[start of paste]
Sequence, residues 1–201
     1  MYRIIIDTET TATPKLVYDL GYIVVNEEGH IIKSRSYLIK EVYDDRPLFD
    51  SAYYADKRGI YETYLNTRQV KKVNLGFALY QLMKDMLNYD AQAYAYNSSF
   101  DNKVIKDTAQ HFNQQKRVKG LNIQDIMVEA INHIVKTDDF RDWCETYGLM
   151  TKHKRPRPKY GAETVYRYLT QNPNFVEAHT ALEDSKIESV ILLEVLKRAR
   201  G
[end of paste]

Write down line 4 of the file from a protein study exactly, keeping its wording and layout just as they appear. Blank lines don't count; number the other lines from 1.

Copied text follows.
   101  DNKVIKDTAQ HFNQQKRVKG LNIQDIMVEA INHIVKTDDF RDWCETYGLM